Have you been on Myspace lately?
Forget the ugly design and poorly-written blog posts. The Myspace you might have known in the mid-2000s has been demolished and a more beautiful and sleeker social network was built in its place. What once was a digital hangout for teens now boasts the participation of big-name recording artists like Ariana Grande and prominent Internet-based companies like Instant Checkmate.
The new Myspace is centered around music: Discovering it, mixing playlists, and sharing it with your connections. Users of the social network can create music mixes and listen to individual tracks from its impressive catalog of tunes. And you’ll find more than pop hits to add to your listening queue. Hip hop, country, indie, classical recordings, and even obscure artists all populate Myspace’s musical database. That might get you wondering: in an age when music publishers are so worried about piracy and their declining profits, how exactly did Myspace get them to agree to share such a massive amount music — for free?
The answer might just be that they didn’t.
Free Music — Poor Artists
In January of this year, Merlin, a group that represents thousands of small artists, claimed that Myspace was using music without permission. While these artists originally negotiated a deal that would allow Myspace to feature the bands’ work, the social network continued to offer the music after the contracts expired. That essentially means that Myspace users are able to enjoy the tracks, but the music creators don’t get paid for it.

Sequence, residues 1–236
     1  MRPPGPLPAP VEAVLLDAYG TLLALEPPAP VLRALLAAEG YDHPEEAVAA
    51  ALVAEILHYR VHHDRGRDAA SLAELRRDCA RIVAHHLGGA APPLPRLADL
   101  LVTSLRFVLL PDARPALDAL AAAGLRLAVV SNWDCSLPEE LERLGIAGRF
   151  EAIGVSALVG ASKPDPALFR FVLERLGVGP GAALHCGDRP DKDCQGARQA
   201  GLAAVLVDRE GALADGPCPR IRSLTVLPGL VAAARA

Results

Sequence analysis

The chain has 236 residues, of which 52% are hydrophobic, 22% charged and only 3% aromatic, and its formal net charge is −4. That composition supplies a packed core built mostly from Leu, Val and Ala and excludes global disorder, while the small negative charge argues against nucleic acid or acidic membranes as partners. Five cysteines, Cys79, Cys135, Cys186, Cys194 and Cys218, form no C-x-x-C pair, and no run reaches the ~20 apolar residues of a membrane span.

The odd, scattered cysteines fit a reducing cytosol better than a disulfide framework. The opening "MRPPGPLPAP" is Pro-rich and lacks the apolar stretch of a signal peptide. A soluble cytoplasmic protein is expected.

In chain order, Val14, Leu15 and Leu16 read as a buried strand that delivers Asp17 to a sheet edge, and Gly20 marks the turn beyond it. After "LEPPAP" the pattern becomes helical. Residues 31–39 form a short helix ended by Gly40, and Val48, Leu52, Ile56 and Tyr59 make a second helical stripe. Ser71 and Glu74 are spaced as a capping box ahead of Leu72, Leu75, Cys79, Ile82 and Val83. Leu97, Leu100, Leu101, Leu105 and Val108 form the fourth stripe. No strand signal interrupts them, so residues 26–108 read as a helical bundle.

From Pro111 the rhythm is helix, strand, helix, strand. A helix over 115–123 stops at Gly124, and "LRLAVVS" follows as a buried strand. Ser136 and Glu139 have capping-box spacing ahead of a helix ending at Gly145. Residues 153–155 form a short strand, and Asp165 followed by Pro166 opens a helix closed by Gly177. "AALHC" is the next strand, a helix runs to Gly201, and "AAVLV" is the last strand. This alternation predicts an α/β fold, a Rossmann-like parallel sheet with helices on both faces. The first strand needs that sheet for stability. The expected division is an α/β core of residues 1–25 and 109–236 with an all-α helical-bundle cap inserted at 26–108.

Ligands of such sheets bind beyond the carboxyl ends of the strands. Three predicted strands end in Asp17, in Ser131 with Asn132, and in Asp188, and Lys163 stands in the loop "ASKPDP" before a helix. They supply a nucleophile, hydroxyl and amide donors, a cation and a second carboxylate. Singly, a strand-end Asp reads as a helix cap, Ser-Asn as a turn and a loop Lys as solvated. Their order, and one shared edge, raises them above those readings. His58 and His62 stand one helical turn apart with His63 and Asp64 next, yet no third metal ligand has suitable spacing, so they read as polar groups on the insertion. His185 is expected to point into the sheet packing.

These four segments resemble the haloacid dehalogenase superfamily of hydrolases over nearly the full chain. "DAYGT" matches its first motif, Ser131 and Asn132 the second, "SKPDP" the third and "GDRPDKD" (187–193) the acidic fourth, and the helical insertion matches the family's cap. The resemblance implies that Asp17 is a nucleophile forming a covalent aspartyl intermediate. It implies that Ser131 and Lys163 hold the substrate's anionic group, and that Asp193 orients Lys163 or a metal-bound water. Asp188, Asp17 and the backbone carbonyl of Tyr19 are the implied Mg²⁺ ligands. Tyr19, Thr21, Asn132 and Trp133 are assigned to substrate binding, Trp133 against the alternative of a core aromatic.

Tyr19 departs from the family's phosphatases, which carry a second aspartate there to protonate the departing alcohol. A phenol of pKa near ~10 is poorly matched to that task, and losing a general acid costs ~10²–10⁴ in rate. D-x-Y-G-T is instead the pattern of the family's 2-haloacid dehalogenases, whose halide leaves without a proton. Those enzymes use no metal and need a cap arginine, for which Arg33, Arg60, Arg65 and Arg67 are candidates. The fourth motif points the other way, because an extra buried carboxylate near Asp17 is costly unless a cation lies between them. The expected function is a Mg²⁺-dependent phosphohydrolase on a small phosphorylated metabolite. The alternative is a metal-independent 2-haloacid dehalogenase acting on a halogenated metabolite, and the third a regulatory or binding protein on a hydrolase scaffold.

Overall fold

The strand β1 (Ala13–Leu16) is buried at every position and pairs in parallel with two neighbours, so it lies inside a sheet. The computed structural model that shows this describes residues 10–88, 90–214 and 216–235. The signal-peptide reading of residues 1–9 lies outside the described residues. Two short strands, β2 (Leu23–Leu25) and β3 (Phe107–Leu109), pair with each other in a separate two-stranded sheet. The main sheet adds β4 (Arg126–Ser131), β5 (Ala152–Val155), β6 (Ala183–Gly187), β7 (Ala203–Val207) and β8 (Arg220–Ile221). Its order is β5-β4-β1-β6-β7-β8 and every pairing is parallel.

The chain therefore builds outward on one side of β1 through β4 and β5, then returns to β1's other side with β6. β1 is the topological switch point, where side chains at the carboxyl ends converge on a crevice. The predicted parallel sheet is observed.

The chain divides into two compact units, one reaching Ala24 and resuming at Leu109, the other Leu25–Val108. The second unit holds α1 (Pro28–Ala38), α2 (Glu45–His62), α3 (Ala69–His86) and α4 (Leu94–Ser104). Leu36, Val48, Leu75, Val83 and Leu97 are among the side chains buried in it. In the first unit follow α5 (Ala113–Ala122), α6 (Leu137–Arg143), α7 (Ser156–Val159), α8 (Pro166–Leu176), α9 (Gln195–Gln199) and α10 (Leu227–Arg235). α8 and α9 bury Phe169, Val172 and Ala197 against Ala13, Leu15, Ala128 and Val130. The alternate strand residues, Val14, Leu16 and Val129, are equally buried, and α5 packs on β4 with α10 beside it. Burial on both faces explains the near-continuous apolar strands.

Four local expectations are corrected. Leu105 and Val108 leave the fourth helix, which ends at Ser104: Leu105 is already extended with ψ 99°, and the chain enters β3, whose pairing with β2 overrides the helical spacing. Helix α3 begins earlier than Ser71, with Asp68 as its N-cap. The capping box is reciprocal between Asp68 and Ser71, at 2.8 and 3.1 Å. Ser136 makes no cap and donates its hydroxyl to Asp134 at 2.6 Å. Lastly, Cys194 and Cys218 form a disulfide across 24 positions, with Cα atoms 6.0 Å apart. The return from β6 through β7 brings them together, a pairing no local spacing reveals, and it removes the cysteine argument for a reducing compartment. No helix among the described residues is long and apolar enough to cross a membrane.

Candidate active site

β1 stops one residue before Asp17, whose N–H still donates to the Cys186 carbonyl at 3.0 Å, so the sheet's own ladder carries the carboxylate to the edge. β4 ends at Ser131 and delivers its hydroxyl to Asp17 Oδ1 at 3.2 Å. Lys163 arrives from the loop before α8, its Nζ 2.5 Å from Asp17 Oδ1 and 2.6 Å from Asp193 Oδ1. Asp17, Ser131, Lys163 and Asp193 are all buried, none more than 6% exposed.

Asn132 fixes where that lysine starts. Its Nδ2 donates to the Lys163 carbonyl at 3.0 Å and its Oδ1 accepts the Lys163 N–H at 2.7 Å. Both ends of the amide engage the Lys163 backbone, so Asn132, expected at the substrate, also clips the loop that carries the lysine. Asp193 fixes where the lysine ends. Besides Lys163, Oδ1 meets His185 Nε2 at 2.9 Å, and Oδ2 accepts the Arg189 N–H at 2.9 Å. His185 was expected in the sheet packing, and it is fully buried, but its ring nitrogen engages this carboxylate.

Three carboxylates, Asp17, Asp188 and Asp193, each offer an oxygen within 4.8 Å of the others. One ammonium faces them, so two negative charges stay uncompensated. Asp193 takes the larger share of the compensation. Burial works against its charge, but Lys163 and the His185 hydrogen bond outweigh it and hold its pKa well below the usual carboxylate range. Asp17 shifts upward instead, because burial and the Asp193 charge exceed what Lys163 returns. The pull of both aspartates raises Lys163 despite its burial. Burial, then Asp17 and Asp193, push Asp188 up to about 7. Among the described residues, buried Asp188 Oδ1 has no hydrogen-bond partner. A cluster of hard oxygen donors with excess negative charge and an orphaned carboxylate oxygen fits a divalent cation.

“Artists are being exploited without permission and not getting remuneration for it,” said Charles Caldas, chief executive of Merlin.
Myspace, for their part, claimed that they acted in compliance with the agreement and removed all of the artists represented by Merlin. If any Merlin artists were still on Myspace, they were uploaded by users.
Myspace isn’t the only music platform to be the target of artists complaining about compensation. Last year veteran recording artists Billy Joel, Missy Elliot, and Rihanna all fought music provider Pandora over getting their fair share. In July, Radiohead frontman Thom Yorke pulled the band’s music from Spotify because he felt he was being unfairly compensated. It seems that while social media users love their free music, companies haven’t quite figured out how to do that while still appeasing the artists that create it.
Music Is Make Or Break
Since music is central to the site’s redesign, whether or not Myspace can provide the tunes that their users enjoy might just mean the difference between finding relevance again, or having the Myspace relaunch be a bust. The more music that Myspace is able to offer, the more people will come to the site. Myspace’s only hope for success is being able to reach an agreement with music publishers that satisfies everyone — and gives their users the impressive track list that they have become accustomed to.
Jacob Matthew is a blogger from San Antonio Texas. He writes about social media, music, and marketing.